Running head: STUFFED WITH THOUGHT 1Stuffed with Thought2015-03649A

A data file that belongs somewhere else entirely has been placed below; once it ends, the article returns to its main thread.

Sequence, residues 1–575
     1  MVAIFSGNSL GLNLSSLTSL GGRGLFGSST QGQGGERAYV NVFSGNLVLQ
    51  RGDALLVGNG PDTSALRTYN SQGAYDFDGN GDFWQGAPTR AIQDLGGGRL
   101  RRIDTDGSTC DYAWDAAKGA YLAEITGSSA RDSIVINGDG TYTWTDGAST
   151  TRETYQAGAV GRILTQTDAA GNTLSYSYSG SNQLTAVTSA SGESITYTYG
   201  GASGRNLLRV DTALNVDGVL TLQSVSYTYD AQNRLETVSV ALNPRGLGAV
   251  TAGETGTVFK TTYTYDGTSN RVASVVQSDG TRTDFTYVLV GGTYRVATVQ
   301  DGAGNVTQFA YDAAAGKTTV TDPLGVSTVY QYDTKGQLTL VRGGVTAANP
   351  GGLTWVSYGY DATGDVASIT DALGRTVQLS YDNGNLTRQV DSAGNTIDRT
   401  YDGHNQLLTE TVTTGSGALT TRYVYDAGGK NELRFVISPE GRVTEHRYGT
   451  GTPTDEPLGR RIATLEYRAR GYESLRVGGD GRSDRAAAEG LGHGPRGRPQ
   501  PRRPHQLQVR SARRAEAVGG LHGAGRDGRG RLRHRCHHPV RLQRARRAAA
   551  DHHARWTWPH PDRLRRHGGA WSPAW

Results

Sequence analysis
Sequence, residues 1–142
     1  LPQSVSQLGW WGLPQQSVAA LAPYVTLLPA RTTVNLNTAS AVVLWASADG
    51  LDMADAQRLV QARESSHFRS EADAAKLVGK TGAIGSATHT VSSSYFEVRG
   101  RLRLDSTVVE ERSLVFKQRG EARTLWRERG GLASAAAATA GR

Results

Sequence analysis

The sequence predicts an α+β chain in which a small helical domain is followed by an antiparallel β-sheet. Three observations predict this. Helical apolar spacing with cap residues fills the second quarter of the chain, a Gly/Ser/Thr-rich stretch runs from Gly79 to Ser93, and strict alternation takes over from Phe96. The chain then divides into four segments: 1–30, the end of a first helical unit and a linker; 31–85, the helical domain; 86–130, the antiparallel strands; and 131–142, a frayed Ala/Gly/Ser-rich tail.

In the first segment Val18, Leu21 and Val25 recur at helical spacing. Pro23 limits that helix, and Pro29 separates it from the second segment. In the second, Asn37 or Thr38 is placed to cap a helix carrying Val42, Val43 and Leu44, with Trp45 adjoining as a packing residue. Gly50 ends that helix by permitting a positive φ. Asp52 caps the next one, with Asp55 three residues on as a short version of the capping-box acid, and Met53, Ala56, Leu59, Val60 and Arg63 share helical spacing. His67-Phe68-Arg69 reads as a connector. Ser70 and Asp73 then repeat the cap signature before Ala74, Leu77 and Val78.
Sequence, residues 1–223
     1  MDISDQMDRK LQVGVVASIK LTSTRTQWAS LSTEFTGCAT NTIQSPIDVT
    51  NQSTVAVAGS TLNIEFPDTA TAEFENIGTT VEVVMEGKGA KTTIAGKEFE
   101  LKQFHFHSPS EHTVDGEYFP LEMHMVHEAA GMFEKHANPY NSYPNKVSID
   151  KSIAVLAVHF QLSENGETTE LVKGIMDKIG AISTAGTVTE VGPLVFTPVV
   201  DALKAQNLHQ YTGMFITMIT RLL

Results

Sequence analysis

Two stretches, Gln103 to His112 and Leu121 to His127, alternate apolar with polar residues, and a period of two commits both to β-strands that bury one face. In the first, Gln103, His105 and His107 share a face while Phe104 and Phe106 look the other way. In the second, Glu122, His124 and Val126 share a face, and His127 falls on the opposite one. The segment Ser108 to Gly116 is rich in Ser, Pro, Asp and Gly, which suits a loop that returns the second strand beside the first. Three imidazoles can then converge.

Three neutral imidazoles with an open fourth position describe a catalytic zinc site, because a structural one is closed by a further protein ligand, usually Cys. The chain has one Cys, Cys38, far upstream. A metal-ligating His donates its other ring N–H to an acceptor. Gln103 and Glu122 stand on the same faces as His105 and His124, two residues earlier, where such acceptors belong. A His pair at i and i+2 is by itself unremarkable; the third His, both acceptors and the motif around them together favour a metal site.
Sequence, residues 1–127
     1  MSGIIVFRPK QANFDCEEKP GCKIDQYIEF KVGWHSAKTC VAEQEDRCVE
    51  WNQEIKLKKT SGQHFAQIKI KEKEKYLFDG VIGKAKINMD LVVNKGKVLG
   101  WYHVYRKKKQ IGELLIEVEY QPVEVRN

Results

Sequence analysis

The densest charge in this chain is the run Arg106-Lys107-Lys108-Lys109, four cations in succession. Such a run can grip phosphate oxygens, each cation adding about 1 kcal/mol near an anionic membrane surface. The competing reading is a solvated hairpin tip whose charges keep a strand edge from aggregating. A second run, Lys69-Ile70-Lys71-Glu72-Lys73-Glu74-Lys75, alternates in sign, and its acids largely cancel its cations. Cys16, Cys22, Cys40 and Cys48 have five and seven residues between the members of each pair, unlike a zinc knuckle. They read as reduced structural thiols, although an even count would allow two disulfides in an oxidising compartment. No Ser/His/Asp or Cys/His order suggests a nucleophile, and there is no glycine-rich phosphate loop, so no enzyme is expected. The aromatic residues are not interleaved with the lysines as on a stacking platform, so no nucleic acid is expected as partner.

Running head: STUFFED WITH THOUGHT 1Stuffed with Thought2015-03649A Summary and A ReviewSteven Pinker’s The Stuff of Thought is an insightful book. And by insightful, I mean anexcruciatingly detailed 499-page book looking at the many, many, MANY consistencies andinconsistencies the English language has with how we humans, our complex brains and all,perceive the physical and mental worlds around us.This book was meta-beyond-meta. It basically opened a gateway into the mind usinglanguage as its key (or maybe battering ram would be more accurate). It’s kind of like a textbookabout philosophy and psycholinguistics without being an actual textbook. It’s a difficult read butworthwhile since it made me think about stuff I wouldn’t have otherwise if I had not read thebook. I mean, who would have thought that the way we perceived an object’s function (or lackof) would be crucial to which preposition to use? Or how our conception of now or the “speciouspresent” would affect how we construct events, past, present and future, and in turn influencethe tenses that we use? Or how conceptual semantics plays an important role in the way peopleframe major things or events in their life? For example, the Americans called their invasion ofthe Philippines something that they had to do in order to “help” the native Filipinos, even callingit “The White Man’s Burden” but the Filipinos (maybe most of them) saw it as a hostile act ofoccupation.Steven Pinker, he thought of all of that and was even able to make a book out of it. It’san amazing feat. To write half a thousand pages on something most people don’t even notice ortake for granted in our daily lives. Reality in some way affects how we think but our minds arefar too complex and riddled with other stuff like emotions and feelings, and maybe even braindamage, to objectively see the world as it is. The Stuff of Thought by Steven Pinker proves that.Since being a jack of all trades, I believe, is significantly less of a skill than being amaster of one, or few, I will only be focusing on specific points in the book. It is, after all, betterSTUFFED WITH THOUGHT 2to focus on one aspect and master it rather than try to take it as a whole and just end up beingable to do only bits and pieces of everything (Ormrod, 2015).Here is a summary and a review of what I believe to be the five important points in thebook:Ignorance is blissIn Chapter 8: Games People Play, Pinker mentioned that the two main goals of everyinteraction with a fellow human being is to convey intent and regulate/change the kind ofrelationship we have with that human being, all the while using carefully chosen words that wethink will achieve these goals. Yet why do we still not truly say what we mean? Instead, we keepmum and don’t communicate it out loud, just keeping it to ourselves. Or sometimes, we wouldrather not know. For example, an avid Brooklyn Nine-Nine fan wouldn’t want to turn to the fanpages in Twitter in case she reads something that will spoil a major plotline of the show whileshe’s diligently doing her Book Review on Steven Pinker’s Stuff of Thought for her Psych 145:Psychology of Language class.Pinker suggests that the main reason we would rather not know is because that theknowledge may contain in it some piece or parcel of information that we believe could bepotentially harmful to us. It’s like, in our minds we see a proverbial sign, warning us that if wecontinue to drive straight ahead we will fall off a cliff with no safety railings and thus plummetinto our inevitable dooms much sooner than we would have hoped.This reluctance or overall refusal to know is what Pinker calls the Law of IndispensableIgnorance. We choose to ignore some things that we believe will heavily affect us in someemotional, physical or mental way.For a personal example, might I give a story about my father’s reluctance to go to thedoctor and have a check-up. My father is an avid drinker, since his college days in UP, he wasknown to be “malakas uminom.” This is something he has been somewhat proud of his wholeadult life, but when the news came that his older brother, also an avid drinker has rectal cancer,STUFFED WITH THOUGHT 3and suggestions from doctors and family (a bit funny because his family is also filled withdoctors) say that he too undergo several tests like a colonoscopy and abdominal ultrasound, herefused. I believe that he would rather stay in this bubble of not knowing what’s going on insideof him and just continue to live the unhealthy life he is living today, with all the alcohol and highcholesterol than have to face the possible truth that there might be something wrong and haveto completely change his lifestyle. Thus, he remains not knowing because changing one’s dailylife and habits is a threat to him.Another reason for why someone would choose to remain not “in-the-know” is becausethat person might have to make an unbiased opinion. This is something I believe the creators ofthe famous reality competition television show The Voice have taken into account. Not knowinghow the singer looks like will ultimately eliminate the prejudice or judgments certain peoplemake when they first see a person and just be able to focus on the singing capability instead(ahem, ahem, American Idol).A reverse of the not knowing and also a reason as to why we veil speech is because wehave secrets to keep. We are keeping another person or a group of people ignorant ofsomething we may perceive to be harmful to them or to ourselves, mainly because we fear thatthe secret might have severe consequences, it might incite judgement and ridicule aimedtowards ourselves, and we all know how Filipinos just love to save face (Lasquety-Reyes,2016).An example of hiding what we mean in a normal social context is if your younger sisterasks you what you think of her outfit and you don’t want to break her little heart by saying thatthe outfit does not match even though that is what you really want to say, but instead you saythat it does because you don’t want the negative outcome, you don’t want her to get hurt (andinstill in her the mindset that she has to ask other people’s opinions on the way she’s supposedto dress when it’s only her choice and her choice alone that matters).STUFFED WITH THOUGHT 4A more political example would be Paolo Duterte’s invoking of his right to privacy whenasked to show if he does or does not possess a tattoo that would prove him to be a part of anotorious Chinese Triad involved in drugs (Sy & Romero, 2017). My speculation would be that ifhe had not stated that he would invoke his right to privacy, he would ultimately incriminatehimself. I take his invocation of his right to be a statement of guilt. But that’s just me.To add to Pinker’s reasons for why people don’t truly say what they mean is becausesome people keep secrets to gain power. Information is after all, something we value. Ifsomebody knows a secret of someone else, they have the choice to wield it or manipulate theoriginal owner of the secret. It’s a sad and detestable sentiment but not one that is absent in theworld we have today.Fuck youIn Chapter 7: The Seven Words You Can’t Say on Television, Pinker mentioned that theFreedom of Speech is a right. Here in the Philippines, it is stated in Article III, Section 4 of the1987 Constitution that “No law shall be passed abridging the freedom of speech, ofexpression…” but there will always be instances where we can’t just say what we want to say.Just as in the Philippines, the United States of America has a place in their constitutionheld by the protection of the freedom of speech. This protection is absent in only 5 instances, inwords of fraud and libel because they stand for the opposite of truth, which the freedom ofspeech looks for; and advocacy of imminent lawless behavior and “fighting words” which elicitnegative, and maybe even harmful, behavior. The last instance is obscenity, which has no legaljustification other than the words being perceived to be indecent. “Obscene” words, words whichtalk about sex and excretion. Though these two are both about naturally biological stuff and bothonly telling of the human experience, why are they being censored?Swear words have a wide range of uses. They could be used as imprecations to saywhen someone’s angry, they could be figures of speech or as hyperboles to emphasize just howshit (oops!) something is. For me, I find the most important use of swearing is the catharticSTUFFED WITH THOUGHT 5swearing. Releasing all that negative energy building up inside with a single word or singlephrase can sometimes be so… freeing.Have you ever been in a classroom where time seemed to stand still? When yourprofessor goes on and on babbling about things unrelated to the discussion when somebodyreminds him that it’s time for the class to end so when you step outside the door, you stretchand let out that one word… “bitch.” This, has happened to me a lot, especially after a difficultexam. And after letting out that one word, all the tension in the brain and the stomach and thechest seem to have dissipated. That’s the cathartic power of swearing.Cathartic swearing, according to Goffman in Pinker, is also something people do toshare to the world, or announce to them something terrible that has happened, in order to cryout for help, or in my case, just look for someone to luksa with after a long exam.This leads me to a point that Pinker makes. According to Pinker whenever someonehears a taboo word, usually one of a bodily effluvia type, that person would automaticallyshudder in disgust, immediately perceiving the meaning, especially if it’s a word with shortvowels and stop consonants like cock. I can confirm this in one interaction I had with my mother.I was walking with my mother in the mall when I dropped one of the things I was carrying, I thensaid fuck and she immediately reprimanded me, saying it’s a foul word and that I shouldn’t useit. But I suggest that though people get disgusted by taboo words, some would rather look pastits “ugly” phonetic characteristics and just look at the way it was used and the context it wassaid in. For an example, I refer back to an anecdote of exiting a room after a difficult exam. Isaid “fuck” and to my surprise, the stranger next to me said “same.”Seman-tic-tac-toeIn Chapter 1: Words and Worlds, Pinker outlines that meaning is different for a variety ofpeople and situations.This is my interpretation of what he has said. Like the famous childhood game orpastime, conceptual semantics or the language in our head, in our environment, in our reality isSTUFFED WITH THOUGHT 6a game of tic-tac-toe, an interaction of two or more people as players. The x’s and the o’s whichdictate what is being said, mainly the semantics, in the game and the three vertical andhorizontal lines tell of the order and the relationships the xo’s have with each other. Comparinglanguage and its meanings to a game would signify that there would have to be a clear-cutwinner. One who has had a neat row of either three x’s or three o’s in a vertical, horizontal ordiagonal. That is the same with language. In the sense that, when speaking with anotherperson, only one meaning should be agreed upon by both. But if you play by yourself, laying outonly x’s not o’s or vice-versa, there would be no one to challenge your meaning orunderstanding, so you remain as is.Either that or you create your own set of meanings, devoid of the influence from otherpeople’s meanings. A meaning, a semantic network which only you can understand. But yournetwork can also change, not with interactions with other people, but with interactions with yoursurroundings in general. For example, if you lay only x’s and encounter something which doesnot correspond to what you know, that information or meaning is inputted into your brain as ano. So far, there has only been x’s in your brain, but that o disrupts the system that you have, youthen turn to seek other o’s until your curiosity is satisfied, until there is a neat line of threeconsecutive o’s which then challenge and change your current meaning and conceptualization.This is what I think conceptual semantics is. It’s a game of tic-tac-toe. Of course, this gamevaries among people and languages, especially the stakes with which the game is being playedfor. Like the example in The Stuff of Thought where Larry Silverstein gets either 3.5 billiondollars or twice that amount from his insurance company based on how many events the 9/11tragedy had, whether it was one whole incident or separate bombings. Was it one event or two?An example in my daily life would be with a particular set of groupmates that I have forone of my GE classes. Apparently, we have different conceptions of the notion of “early.”The agreement was to meet at 1 o’clock but to also meet early (emphasis on early) sowe could prepare for our audio presentation before we started. Early to me is a time before 1STUFFED WITH THOUGHT 7o’clock, maybe 15 minutes or 10 minutes or so. The dictionary meaning of early (basically agoogle definition search) would be “happening or done before the usual or expected time.” Thatis accurate with what I think early is, but to them, early is either coming on time, exactly 1o’clock or coming 30 minutes late. Maybe it’s my fault. Maybe, I did not take into account thatwe are Filipinos and of course have our own time scale, creating a new definition of early. Mypoint is that maybe, in future set-ups, a confirmation would be much appreciated or needed todefine or identify which meaning of early we are using, or maybe I’m just ranting about mygroupmates, who knows?Substance abuseIn Chapter 4: Cleaving the Air, in the section Grinding, Packaging and Pigeonholing:Thoughts About Substance, Pinker talks about mostly nouns. Nouns, he says, representconcepts, people or objects in our head. Nouns are the surface representations (Carroll, 2008)we have of what we see in the world as nameable or categorizable. And in the section, hebasically abuses them, stripping them and grinding them down to the smallest levels he can.The way we distinguish and use mass nouns and count nouns in a sentence or indiscourse, he posits early in the chapter section, is a direct representation of how we see theobject or substance in reality. He says that they directly tap into our objective world, using themass and count nouns with words associated with how they behave or act or what they’re stateis in real life, in how we see them.Mass nouns are for substances, things that you take in certain quantities. They areunbounded, meaning that aside from when they’re in a container, they spill out and leak andspread all over. Mass nouns are substances that have to be contained. Like a mole of asubstance (in chemistry, a substance can be quantified with Avogadro’s number of 6.02 x 1023,meaning that an Avogadro’s number of molecules of a substance would be a mole) which cannever appear alone, like sand, or water, or rice and many more. Mass nouns when referred to,are treated in the same way a person would treat the physical forms of sand, water or rice. YouSTUFFED WITH THOUGHT 8take the substance as a whole and don’t individuate each and every molecule from thecollective mole. An example would be how we don’t use quantifiers when referring to massnouns, they can appear “naked” in a sentence. We say, “I like sand.” We don’t say, “I like threegrams of sand.” That would just be unnatural.We then move onto the second kind of noun, count nouns. Count nouns representmatter that can be quantified and individuated. These are objects which have a definiteboundary without having to confine them in a container. Nouns such as bags, laptops or books.These can easily be counted, unlike their mass noun counterparts where counting a molecule orgrain of a substance could take forever, hence the term count nouns. When using count nounsin a sentence, we would have to use quantifiers that would signify how many of the objects arebeing used or referred to. Since count nouns represent objects in real life or in physical realitywhich have a boundary and can be individuated, we can use quantifiers. For example, we say “Ineed a bag,” instead of saying “I need bag.” The “a” in the sentence shows that a single bag isthe object of the sentence. We just can’t treat count nouns the same way we do mass nouns. Orcan we?Early in the chapter section, Pinker states that the way we use and refer to mass andcount nouns in discourse is accurate and based off of how we see their physical forms in reallife. But, Pinker, later in the chapter section, refutes his own argument.Let’s take a single marble into consideration. As one marble, it is a count noun, but awhole box of them could be treated in the same way you would mass nouns. A container ofmarbles, only the plural form of a count noun, can be spilled out and spread all over, just like amass noun. In the same way you can divide mustard into two, you can also divide the marblesinto two. What then of another count noun? Let’s take a cat for example, a whole box of catscan’t be spilled out or spread all over just like marbles. You can’t divide cats into two, that wouldjust be wrong.STUFFED WITH THOUGHT 9The problem, Pinker suggests is that the English language has far too many exceptionsto create a clear-cut distinction with the way we use mass and count nouns. Some can betreated like the other, while some can’t.This section made me think of how language, like physical reality and like substances,still has blurred lines. It invokes the question, is the tomato a fruit or a vegetable?Mema-MetaphorIn the The Digital Clock: Thoughts About Time section of Chapter 4, Pinker touchesupon the subject of metaphors used in the construction of time. George Lakoff and MarkJohnson explored metaphors which related both time and space and came up with threeconceptual metaphors. Time orientation, where time is linear, and the observer can either goforwards to the future or backwards to the past; moving time, where time is moving, and theobserver is stationary and; moving observer where there is a landscape of time and theobserver is moving past it. If more metaphors can be found under the overarching conceptualmetaphors, then the conceptual metaphor can also be called a generative metaphor.Examples for each would be: time orientation, “The to die is right in front of us”; movingtime, “The deadline for the book report is coming” and; moving observer, “It’s December! Wereally flew by this past year.”In Chapter 5, he expounds more on metaphors. Conceptual metaphors, like the onesrelating time and space mentioned before, can help people learn and understand abstractconcepts, like freedom and love. Relating them in such a way to ordinary things or events weencounter in our day to day life, like in the of the example in time orientation, the metaphor istreating the time to die the same way you would treat a box that is in your way, it is “right in frontof us.” Though conceptual metaphors may only be understood if the person who receives themetaphor or is listening to it can also understand the tenor-vehicle-ground aspects of themetaphor (Carroll, 2008), we can also change the way we frame a metaphor so that it can beeasily understood.STUFFED WITH THOUGHT 10George Lakoff suggests that associative learning, a concept from classical conditioningfrom Ivan Pavlov where we learn to automatically associate one thing with another throughrepetitive and almost simultaneous presentation of both items or states of being, is how wedevelop, identify and propagate conceptual metaphors.Through the proper use of language in metaphors, we can find the pieces of biggerthings that are just like the smaller things. Like how in the book, it presented love as a patient.Though there are some metaphors that just aren’t as strong as others, there, they posea similarity instead of a deeper connection, seeing only the physical, just until the surface. Likehow gravity affects cosmic bodies and causes them to collide, the same can be said about fateand love, two people, one collision.A ConclusionSteven Pinker’s Stuff of Thought has definitely changed the way I think about the Englishlanguage in relation to the world. Never again will I judge myself for being afraid to know thepotentially dangerous unknowable. Never again will I curse and not hear the word “bodilyeffluvia.” Never again will I look at substances and objects in the same way. Never again will Ihave pointless arguments with other people when the only thing we’re debating about is thedefinition of something. Never again will I look at a metaphor and not try to look for theoverarching conceptual metaphor.Never again will I look at the world and how it is conceived in language as two separateconcepts.STUFFED WITH THOUGHT 11ReferencesCarroll, D. (2008). Psychology of Language. Wadsworth: Thomson Learning.Lasquety-Reyes, J. (2016). In Defense of Hiya as a Filipino Virtue. Asian Philosophy, 66-78.Ormrod, J. E. (2015). Human Learning (7th ed.). Singapore: Pearson Education.Pinker, S. (2007). The Stuff of Thought. Penguin Group.Sy, M., & Romero, P. (2017, September 8). Triad tattoo? Rody son invokes privacy. Retrievedfrom